In this connection, you might recall that a torrent of Congressionally mandated rulemaking followed the Colgan accident. Using information from the Colgan event, and a 2004 accident involving Pinnacle Airlines, the NTSB and Congress identified problems with pilot professionalism. Some – including a senior FAA official at the time – suggested that there was no practical way to regulate or mandate professionalism and argued that it was up to all stakeholders to promote, develop, and maintain a high level of professional standards. Nevertheless, the NTSB made recommendations that would eventually become the Pilot Professional Development rule. The path to this rulemaking started with enactment of Public Law 111-216, creation of three FAA Aviation Rulemaking Committees (ARCs), and intensive labor, industry, and FAA collaboration that resulted in an NPRM issued on 7 October 2016. A national policy, N8900.545, took effect on 24 April 2020. 

In a nutshell, the Pilot Professional Development rule stipulates that newly hired pilots will be required to observe flight operations and become familiar with company-specific procedures before operating an aircraft as a flight crew member. Further, Captains are to receive leadership and command training, as well as mentoring training, to enable them to effectively mentor First Officers. FAA AC 121-43 documents the guidelines for developing and implementing mentoring training for PICs. 

The airline industry is already incorporating the elements of the Pilot Professional Development rule in both new hire and Captain training throughout their systems. Although Captain training must involve time learning certain administrative duties (e.g., maintenance logbooks, dealing with dispatch, and getting along with systems operational control) much of it is also directed to the development of Captains as leaders. Training now includes conflict resolution, communication strategies, and professionalism taught through role-playing and evaluation of real-life operational reports. Some of these operational scenarios come from IOE, which is all about teaching a pilot to perform effectively in real-world operations. They also help upgrade candidates master the overall operational situation, both in concept and in practice. 

The path to the left seat is not always predicable. But the path to being Captain of your career can – and should – start with your very first flight.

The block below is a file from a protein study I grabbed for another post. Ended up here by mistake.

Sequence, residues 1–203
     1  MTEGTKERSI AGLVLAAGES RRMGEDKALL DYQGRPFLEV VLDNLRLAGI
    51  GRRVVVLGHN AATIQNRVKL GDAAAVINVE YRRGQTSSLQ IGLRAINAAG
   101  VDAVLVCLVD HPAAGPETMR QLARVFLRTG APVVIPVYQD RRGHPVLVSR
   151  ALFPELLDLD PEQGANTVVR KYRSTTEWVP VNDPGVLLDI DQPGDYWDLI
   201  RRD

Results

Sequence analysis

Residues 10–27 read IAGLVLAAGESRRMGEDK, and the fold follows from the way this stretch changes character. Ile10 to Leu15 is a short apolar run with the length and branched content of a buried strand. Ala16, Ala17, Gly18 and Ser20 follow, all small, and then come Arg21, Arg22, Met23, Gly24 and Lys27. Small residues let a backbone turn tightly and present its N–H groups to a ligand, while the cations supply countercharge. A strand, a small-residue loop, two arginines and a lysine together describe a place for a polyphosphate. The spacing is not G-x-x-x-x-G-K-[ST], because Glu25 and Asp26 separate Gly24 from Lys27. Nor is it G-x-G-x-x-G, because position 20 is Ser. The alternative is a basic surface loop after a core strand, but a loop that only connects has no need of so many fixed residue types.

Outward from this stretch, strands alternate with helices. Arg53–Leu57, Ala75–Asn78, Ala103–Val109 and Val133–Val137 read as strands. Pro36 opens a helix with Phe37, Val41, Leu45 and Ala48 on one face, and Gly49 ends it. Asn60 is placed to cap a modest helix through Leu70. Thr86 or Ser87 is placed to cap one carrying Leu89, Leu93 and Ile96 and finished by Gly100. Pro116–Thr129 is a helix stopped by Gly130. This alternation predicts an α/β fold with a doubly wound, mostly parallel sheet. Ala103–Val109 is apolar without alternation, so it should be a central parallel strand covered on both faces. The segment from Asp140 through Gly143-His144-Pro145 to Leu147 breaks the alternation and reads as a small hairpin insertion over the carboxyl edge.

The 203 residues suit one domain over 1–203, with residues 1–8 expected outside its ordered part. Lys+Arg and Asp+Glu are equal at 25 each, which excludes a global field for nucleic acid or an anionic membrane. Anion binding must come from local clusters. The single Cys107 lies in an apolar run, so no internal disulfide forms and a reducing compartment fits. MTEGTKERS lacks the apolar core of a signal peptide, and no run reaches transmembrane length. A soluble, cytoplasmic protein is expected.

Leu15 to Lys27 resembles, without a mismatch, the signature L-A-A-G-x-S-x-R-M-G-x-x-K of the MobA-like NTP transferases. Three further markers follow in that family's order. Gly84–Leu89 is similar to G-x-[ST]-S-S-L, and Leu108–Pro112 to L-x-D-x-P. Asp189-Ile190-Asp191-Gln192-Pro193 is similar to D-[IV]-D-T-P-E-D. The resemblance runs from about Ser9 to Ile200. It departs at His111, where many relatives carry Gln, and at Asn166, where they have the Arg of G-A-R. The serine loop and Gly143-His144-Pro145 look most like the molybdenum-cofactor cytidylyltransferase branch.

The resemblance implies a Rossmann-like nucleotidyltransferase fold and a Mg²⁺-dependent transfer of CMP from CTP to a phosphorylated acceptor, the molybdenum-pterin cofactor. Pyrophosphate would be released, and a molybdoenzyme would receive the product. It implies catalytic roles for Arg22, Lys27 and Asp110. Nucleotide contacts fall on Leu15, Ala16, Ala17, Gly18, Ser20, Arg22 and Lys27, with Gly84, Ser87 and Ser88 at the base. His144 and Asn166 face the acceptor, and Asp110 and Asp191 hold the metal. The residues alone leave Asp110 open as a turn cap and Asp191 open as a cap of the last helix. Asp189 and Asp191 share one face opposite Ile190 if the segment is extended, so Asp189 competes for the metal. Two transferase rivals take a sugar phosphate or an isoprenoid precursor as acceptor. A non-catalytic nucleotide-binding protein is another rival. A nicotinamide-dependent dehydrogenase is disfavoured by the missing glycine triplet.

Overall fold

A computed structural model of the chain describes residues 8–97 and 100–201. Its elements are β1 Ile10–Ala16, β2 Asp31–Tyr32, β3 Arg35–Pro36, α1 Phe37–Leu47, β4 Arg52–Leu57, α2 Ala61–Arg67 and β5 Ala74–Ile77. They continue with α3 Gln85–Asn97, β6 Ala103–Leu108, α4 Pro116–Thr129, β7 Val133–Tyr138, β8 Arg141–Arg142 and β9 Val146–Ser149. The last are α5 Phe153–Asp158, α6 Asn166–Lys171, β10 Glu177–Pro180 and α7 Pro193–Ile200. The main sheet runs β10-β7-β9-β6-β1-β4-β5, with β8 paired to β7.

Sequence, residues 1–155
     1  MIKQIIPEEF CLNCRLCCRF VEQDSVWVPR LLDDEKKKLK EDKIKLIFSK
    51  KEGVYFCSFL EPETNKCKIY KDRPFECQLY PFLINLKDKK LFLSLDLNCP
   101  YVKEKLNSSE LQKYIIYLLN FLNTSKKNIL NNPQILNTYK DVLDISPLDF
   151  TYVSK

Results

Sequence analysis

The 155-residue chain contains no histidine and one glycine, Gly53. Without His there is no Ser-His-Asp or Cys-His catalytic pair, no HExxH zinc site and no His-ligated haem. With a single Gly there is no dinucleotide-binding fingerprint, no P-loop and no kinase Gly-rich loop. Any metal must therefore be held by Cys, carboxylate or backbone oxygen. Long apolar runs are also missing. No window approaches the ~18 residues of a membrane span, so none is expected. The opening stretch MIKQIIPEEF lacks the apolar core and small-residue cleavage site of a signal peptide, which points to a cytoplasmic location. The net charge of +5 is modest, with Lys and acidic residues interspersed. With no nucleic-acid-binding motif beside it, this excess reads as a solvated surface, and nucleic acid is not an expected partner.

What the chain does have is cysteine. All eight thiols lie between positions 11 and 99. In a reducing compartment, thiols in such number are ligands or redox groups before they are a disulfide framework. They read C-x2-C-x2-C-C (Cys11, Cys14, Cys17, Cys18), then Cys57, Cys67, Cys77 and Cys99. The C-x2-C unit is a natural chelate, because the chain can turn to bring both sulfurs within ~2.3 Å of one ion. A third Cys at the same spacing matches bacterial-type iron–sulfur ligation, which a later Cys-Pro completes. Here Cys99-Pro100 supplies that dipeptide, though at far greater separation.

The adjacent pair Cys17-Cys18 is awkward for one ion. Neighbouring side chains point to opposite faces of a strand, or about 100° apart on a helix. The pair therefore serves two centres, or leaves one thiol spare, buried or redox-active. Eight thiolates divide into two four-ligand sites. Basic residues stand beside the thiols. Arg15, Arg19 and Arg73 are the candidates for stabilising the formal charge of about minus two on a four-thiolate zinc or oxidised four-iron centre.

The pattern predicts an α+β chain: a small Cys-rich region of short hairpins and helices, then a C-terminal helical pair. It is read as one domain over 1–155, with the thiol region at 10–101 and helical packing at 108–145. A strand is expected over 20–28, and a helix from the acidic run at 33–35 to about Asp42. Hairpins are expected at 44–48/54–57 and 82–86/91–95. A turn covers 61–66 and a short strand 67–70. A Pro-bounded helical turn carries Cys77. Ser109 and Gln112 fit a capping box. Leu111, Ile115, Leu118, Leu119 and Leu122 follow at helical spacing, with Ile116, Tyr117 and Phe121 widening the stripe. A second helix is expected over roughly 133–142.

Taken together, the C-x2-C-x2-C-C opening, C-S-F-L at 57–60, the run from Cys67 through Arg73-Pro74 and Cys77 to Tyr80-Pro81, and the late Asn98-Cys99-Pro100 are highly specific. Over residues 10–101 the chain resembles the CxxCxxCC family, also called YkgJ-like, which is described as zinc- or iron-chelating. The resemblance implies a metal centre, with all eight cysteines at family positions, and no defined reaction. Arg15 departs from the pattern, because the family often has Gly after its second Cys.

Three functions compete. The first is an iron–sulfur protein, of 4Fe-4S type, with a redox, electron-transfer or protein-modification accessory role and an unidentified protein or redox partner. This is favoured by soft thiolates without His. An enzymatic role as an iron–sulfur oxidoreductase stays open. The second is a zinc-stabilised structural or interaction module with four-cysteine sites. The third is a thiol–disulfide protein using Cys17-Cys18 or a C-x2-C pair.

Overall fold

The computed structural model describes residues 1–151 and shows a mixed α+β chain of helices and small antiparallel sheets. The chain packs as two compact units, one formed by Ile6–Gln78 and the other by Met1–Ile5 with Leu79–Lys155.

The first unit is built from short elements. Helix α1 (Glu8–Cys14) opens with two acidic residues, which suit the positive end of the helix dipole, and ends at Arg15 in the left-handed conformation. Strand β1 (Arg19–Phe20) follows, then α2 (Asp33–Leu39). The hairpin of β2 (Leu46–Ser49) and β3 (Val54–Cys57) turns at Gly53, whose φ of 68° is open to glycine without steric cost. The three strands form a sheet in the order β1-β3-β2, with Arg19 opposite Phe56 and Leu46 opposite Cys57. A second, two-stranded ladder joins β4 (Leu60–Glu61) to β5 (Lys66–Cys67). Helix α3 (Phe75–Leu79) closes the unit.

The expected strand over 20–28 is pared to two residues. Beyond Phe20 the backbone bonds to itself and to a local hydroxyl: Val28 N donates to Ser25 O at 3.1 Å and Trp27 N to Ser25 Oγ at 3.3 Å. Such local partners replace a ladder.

“It’s for You!” – My Upgrade Experience

I went to the simulator about eight weeks after my start date. Two minutes before lesson number one, the phone in the simulator rang. The instructor answered, listened with a puzzled look, and said, “It’s for you.” I found myself on the line with the fleet manager, who was calling to say that I been awarded the new base. Great! Then he said that I had also been awarded a Captain’s position, which meant that I should move to the left seat and get going. Ummmm, great? 

You can imagine the range of feelings that washed over me. The idea of going straight to the left seat had an obvious appeal, but it was also daunting. I was new to Part 121, glass, and turboprop aircraft. But I strapped in and committed myself to making it work. Once I completed a few left-seat sessions, I found that the flying was relatively easy – it was the “everything else” that was challenging. There was a lot of “everything else.” After getting my type rating, I was grateful that the company offered as much IOE as I wanted, and as much as they thought I needed. We were both seeking a high level of comfort in the operation, and that’s what we got. 

Although my upgrade scenario is not the common trajectory, it does illustrate the dynamic nature of our industry. Predicting the future is difficult but preparing for the future is not. Just adopt a Captain’s mindset from Day One, and soak in as much of the “everything else” as you can before it all becomes your responsibility.